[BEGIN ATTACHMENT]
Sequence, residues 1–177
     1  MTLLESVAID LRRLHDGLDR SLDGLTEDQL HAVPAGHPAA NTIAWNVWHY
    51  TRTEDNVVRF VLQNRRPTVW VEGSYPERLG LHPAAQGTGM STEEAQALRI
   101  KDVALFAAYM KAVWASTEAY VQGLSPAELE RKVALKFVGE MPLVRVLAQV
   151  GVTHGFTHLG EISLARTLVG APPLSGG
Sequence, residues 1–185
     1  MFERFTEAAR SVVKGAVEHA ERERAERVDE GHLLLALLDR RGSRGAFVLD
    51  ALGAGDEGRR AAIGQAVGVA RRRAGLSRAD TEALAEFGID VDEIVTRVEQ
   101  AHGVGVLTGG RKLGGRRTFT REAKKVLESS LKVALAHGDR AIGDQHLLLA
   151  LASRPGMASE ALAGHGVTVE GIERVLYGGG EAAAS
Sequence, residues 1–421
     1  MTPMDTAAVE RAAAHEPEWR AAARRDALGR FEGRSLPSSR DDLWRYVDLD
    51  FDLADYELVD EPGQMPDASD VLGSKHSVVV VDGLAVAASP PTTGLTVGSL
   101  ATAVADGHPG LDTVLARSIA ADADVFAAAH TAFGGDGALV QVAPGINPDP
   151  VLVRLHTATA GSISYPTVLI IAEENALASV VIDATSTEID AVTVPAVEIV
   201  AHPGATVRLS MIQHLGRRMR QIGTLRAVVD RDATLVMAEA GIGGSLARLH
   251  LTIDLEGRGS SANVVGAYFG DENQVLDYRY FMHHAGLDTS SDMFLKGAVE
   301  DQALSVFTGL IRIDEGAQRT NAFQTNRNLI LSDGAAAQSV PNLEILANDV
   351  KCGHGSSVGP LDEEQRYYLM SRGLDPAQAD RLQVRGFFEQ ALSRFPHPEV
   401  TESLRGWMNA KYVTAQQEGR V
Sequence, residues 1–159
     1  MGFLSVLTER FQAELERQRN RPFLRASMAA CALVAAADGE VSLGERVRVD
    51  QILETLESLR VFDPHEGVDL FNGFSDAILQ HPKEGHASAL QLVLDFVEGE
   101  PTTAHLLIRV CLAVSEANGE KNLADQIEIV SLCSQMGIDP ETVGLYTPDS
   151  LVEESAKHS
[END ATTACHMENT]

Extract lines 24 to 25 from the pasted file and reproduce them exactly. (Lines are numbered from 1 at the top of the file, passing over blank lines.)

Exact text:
   101  PTTAHLLIRV CLAVSEANGE KNLADQIEIV SLCSQMGIDP ETVGLYTPDS
   151  LVEESAKHS